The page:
FCNB expression is upregulated and colocalized with CD68 in murine colitis model. A Schematic of the animal experiment design. Four-week-old C57BL/6 mice were treated with 3% DSS in drinking water for 7 days to induce colitis, while the control group received water. On the 8th day, mice were sacrificed for further analysis. B Mice with DSS-induced colitis showed significantly decreased body weight compared with the control mice. C Colon lengths were measured 8 days after DSS treatment. D Gross pictures of spleens and spleen index (%). Spleen index (%) is the ratio of spleen weight to body weight. E Representative H&E-stained colon tissue sections of control and colitis groups. Scale bars, 50 μM. F The mRNA expression levels of Fcnb (the murine homologue gene of human FCN1) in peripheral whole blood from control and colitis groups were measured by qRT-PCR. The protein expression levels of FCNB and IL-1β in colon G and spleen H were measured by Western blotting. β-actin was used as a loading control. I Immunohistochemistry staining of FCNB in colon of mice. Scale bars, 20 μM. J Immunofluorescence staining showing that FCNB+ cells (red) colocalize with CD68+cells (green) in the colon from mice with DSS-induced colitis. Yellow indicates double positive cells. Scale bars, 20 μM. Data represent mean ± SD. Unpaired t test was used to calculate P values. *P < 0.05, ***P < 0.001, ****P < 0.0001

Increased expression of FCNB is associated with inflammatory macrophage infiltration in the colon mucosa of mice with colitis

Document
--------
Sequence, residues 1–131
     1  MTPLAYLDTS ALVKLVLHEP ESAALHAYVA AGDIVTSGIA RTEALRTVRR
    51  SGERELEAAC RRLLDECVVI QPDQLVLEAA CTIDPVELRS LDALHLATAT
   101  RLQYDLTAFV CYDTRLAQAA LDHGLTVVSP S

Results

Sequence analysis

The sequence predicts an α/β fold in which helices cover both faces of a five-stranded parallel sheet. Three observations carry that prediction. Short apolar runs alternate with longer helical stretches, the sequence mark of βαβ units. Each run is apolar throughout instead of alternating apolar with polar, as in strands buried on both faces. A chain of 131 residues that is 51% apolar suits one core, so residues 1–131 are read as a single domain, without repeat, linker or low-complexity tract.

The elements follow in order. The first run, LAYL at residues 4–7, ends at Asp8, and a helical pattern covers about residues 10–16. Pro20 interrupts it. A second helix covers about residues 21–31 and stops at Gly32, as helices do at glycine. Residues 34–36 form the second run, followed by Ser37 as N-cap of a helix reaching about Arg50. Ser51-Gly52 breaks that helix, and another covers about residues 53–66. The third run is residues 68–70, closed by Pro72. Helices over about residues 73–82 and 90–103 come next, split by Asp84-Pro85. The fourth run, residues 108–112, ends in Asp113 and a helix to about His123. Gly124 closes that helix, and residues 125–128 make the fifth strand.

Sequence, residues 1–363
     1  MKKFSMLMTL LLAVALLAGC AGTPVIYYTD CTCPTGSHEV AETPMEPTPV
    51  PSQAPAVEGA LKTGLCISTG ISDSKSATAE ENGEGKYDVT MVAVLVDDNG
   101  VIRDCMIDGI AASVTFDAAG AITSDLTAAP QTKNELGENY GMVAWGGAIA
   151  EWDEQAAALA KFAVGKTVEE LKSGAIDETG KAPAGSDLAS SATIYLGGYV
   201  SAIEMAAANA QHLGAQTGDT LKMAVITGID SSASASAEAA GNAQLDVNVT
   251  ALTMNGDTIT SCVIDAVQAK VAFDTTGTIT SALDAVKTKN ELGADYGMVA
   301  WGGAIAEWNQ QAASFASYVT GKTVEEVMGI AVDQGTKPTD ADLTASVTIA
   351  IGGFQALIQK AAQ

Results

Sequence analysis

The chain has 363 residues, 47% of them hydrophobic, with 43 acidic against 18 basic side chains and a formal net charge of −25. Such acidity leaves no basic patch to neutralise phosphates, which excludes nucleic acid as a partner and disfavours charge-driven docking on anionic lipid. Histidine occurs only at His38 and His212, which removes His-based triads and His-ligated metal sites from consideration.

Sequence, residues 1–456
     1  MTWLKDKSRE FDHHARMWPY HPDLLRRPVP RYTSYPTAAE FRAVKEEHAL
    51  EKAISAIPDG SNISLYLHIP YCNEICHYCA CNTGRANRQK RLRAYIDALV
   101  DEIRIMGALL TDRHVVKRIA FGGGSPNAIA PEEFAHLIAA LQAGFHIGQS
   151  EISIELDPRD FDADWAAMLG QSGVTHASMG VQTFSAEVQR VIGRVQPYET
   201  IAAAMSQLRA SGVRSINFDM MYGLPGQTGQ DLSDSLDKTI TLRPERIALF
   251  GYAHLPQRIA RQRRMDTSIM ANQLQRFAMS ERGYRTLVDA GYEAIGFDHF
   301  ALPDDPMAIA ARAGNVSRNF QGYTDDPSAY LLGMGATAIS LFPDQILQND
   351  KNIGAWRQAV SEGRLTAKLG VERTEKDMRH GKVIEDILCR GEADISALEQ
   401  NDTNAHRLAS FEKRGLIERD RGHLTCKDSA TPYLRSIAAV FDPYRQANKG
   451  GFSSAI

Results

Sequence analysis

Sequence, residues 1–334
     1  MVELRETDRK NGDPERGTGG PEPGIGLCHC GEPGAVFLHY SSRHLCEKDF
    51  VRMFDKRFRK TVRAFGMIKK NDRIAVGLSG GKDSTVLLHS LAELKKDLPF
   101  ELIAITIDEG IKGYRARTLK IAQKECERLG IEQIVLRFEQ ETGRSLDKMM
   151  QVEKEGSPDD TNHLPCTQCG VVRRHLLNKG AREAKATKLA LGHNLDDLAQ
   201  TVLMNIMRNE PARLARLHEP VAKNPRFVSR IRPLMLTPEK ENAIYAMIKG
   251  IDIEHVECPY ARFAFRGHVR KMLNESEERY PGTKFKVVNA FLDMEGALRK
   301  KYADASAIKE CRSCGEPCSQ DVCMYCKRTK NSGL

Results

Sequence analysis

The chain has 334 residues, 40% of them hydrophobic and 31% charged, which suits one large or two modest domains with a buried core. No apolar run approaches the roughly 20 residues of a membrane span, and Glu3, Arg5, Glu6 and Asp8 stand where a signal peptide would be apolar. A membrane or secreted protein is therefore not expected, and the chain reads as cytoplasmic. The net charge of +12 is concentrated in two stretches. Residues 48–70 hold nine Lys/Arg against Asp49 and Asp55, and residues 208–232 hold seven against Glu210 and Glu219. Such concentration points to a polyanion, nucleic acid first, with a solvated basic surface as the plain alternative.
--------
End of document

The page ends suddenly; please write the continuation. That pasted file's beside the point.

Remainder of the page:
Given that FCN1+ macrophage infiltration was increased in human PIBD mucosa, and FCN1high macrophages had high expression of IL-1β, we then investigated whether there was an association between FCNB (the murine homologue of human FCN1) and IL-1β in the mouse model of colitis. As expected, the expression of IL-1β was markedly upregulated in colon and spleen tissues from mice with colitis compared to the control group, and tissues with high expression of FCNB also showed higher IL-1β expression (Fig. 6G, H), suggesting the association between FCNB and IL-1β. In addition, increased FCNB+ cell infiltration was detected in the colon tissues of mice with DSS-induced colitis when compared to the control group, which was consistent with the findings in human PIBD (Fig. 6I). More importantly, FCNB was specifically colocalized with CD68+ macrophages recruited into the colon of mice with colitis (Fig. 6J). Taken together, these results indicate that increased FCNB expression is associated with proinflammatory macrophage infiltration in the colon mucosa of mice with colitis.